But wait, are we talking about constant connectivity here or the emergence of social media as the primary communication tool? Both perhaps?

Communication v Collaboration

Which brings us right back to those 200 emails. There are many reasons why email no longer works for many people, in large organisations especially. Mostly they centre around time management and releasing information silos. Pushing an email into an inbox is all very well, but it’s up to the recipient when they respond and indeed if they respond. Email is not collaboration, it’s communication at best, and passive aggressive at worst. It shifts responsibility and definitely doesn’t share it. AKA ‘I emailed you therefore I have covered my derriere’. (Or CYA as it’s known in certain circles).

With email the emphasis is very firmly on one time communication. And certainly not on collaborating for mutual benefit. Additionally the recipient might need to trawl through copious pages of fragmented responses to get to the nub of the issue that’s relevant to them, thus killing any timely and decisive action taking stone dead.

Enterprise Social Software AKA ESS

So, I’ve been looking at Enterprise Social Software or, because we have to have acronyms, ESS. According to Wikipedia ESS is ‘a system of web-based technologies that provide rapid and agile collaboration, information sharing, emergence and integration capabilities in the extended enterprise’. In short, they take what we are doing in our personal lives on the likes of Twitter, Facebook, IM etc and enable a similar kind of collaboration and consensus in the workplace.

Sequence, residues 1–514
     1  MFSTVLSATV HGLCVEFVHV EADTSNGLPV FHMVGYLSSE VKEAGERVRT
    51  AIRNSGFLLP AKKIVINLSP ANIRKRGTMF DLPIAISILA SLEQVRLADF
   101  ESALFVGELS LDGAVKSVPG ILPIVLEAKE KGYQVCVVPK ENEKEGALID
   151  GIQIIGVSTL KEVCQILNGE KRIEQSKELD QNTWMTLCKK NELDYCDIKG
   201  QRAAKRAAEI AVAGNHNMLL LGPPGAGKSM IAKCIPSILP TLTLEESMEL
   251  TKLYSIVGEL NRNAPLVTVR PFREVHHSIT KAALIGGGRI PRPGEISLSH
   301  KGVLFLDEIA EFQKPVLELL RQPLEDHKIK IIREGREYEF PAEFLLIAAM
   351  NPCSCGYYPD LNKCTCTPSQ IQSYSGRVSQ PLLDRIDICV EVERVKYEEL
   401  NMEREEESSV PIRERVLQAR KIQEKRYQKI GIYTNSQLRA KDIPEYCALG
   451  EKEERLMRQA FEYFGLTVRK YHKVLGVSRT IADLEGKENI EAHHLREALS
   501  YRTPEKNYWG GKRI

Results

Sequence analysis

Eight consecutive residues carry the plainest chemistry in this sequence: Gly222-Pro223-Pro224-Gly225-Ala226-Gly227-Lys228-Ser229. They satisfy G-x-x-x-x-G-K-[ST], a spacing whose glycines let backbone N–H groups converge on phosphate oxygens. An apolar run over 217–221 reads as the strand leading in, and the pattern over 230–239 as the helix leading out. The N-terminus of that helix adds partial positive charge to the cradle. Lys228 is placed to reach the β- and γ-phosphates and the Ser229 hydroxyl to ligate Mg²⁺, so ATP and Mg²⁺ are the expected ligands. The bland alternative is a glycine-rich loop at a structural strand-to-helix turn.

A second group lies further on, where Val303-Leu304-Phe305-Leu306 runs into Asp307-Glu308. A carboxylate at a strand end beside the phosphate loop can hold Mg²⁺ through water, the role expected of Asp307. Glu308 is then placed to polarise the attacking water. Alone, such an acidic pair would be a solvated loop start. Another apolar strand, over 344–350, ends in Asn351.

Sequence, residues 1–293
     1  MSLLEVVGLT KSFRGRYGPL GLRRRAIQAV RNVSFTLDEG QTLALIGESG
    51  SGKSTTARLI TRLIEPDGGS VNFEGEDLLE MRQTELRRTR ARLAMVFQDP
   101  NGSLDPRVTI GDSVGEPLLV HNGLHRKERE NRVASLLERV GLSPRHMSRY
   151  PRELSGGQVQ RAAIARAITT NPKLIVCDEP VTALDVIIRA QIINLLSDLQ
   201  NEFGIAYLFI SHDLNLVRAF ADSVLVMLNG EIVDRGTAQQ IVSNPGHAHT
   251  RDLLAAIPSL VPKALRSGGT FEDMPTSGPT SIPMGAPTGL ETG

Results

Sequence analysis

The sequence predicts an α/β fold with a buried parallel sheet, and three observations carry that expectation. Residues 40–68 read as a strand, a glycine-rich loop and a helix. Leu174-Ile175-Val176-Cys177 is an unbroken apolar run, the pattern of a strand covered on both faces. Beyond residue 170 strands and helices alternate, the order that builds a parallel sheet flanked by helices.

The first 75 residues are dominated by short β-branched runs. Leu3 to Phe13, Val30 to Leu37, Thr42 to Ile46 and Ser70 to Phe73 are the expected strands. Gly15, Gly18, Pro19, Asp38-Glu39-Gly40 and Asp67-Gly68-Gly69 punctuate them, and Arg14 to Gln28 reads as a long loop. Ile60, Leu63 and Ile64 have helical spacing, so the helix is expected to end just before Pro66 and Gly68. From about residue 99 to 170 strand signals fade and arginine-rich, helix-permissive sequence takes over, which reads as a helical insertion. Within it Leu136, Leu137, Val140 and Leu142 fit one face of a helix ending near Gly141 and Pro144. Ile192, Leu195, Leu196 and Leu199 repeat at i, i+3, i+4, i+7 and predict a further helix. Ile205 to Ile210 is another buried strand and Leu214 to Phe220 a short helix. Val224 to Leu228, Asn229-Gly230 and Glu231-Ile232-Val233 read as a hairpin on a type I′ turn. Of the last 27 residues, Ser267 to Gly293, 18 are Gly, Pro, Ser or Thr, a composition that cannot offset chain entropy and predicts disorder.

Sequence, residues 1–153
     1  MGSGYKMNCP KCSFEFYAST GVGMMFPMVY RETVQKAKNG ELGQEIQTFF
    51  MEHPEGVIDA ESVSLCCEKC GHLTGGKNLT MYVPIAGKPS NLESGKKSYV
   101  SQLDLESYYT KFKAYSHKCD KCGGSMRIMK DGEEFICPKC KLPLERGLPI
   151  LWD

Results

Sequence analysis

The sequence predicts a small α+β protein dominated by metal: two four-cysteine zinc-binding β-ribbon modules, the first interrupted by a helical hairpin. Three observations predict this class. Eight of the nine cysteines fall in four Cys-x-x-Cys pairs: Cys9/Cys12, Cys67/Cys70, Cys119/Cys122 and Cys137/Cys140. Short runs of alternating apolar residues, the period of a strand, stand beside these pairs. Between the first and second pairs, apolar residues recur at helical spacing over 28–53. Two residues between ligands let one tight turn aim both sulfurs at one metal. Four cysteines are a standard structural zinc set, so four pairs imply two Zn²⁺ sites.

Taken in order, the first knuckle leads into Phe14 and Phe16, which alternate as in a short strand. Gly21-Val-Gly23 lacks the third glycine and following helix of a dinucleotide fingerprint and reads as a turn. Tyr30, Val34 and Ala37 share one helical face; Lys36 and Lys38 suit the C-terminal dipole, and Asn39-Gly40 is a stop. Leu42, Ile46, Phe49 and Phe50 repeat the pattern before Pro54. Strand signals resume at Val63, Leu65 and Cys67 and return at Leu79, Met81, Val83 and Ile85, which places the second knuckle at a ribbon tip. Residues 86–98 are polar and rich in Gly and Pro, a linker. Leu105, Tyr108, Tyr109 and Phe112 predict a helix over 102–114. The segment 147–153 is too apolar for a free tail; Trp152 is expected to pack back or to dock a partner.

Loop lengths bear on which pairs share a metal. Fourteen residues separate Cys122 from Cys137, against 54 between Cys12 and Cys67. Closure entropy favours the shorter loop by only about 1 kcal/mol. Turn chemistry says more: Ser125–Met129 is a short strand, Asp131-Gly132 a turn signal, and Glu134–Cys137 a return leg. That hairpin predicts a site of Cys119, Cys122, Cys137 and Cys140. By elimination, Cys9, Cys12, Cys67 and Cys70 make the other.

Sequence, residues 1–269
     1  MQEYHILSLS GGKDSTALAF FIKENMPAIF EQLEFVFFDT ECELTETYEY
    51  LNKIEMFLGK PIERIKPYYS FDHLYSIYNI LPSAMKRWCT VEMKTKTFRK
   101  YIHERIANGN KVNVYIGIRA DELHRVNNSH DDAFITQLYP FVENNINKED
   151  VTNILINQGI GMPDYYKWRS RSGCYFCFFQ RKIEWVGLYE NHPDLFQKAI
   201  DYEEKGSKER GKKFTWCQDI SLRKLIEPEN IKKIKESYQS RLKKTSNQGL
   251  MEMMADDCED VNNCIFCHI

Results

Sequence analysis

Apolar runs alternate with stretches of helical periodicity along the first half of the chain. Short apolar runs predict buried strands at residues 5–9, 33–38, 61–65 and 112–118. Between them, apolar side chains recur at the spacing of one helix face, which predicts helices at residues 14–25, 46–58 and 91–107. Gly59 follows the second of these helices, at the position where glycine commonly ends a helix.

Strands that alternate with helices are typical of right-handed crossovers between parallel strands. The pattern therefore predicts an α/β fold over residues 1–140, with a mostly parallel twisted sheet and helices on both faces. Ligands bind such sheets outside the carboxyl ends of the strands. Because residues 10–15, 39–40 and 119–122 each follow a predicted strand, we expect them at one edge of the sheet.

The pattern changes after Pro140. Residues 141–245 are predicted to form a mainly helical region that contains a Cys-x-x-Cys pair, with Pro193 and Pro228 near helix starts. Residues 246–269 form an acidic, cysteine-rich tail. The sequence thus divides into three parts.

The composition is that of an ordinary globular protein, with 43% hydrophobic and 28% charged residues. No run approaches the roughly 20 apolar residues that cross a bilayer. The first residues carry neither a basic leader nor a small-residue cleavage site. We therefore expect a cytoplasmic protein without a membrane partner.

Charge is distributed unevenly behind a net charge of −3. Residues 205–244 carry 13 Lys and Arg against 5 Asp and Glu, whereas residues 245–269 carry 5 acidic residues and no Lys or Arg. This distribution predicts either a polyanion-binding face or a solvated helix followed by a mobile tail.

It all sounds perfectly plausible, and for the last wee while I’ve been really excited about the possibilities it might create in the workplace. Especially if we are moving to flexible working.

Personal excitement aside, it would take a huge cultural shift away from the ubiquity of email as a process of communication and documentation that just doesn’t bare thinking about. Email is more and more becoming admissible evidence and formal documentation. Lest we forget the Enron case and the Sarbanes Oxley Act requiring companies to be SOX compliant. One aspect of SOX is the requirement for all email (and all other backed up data like IM) be deleted after 90 days for fear of incrimination and litigation. Although this is an American act, similar levels of governance are creeping into UK and international companies. I bet News International are wishing they were SOX compliant with their email data right now.

For collaboration tools to be effective the industry needs to be collaborative and the workforce dispersed to varying degrees for collaboration tools to be really affective. That said I can’t think of a single industry where cooperative / collaborative working isn’t required. (Please leave a comment if you can think of one). Or indeed has a positive effect, unless, of course, you are colluding with the enemy in wartime!

The benefits of collaboration and social software are well documented, if not entirely measured to give hard returns as yet. As organisations grow so does the volume of email data and the infrastructure and support to serve it. Social software, like video conferencing, IM, wiki’s really lend themselves to high productivity exchanges. Yielding real time decision making to create an agility email just can’t touch.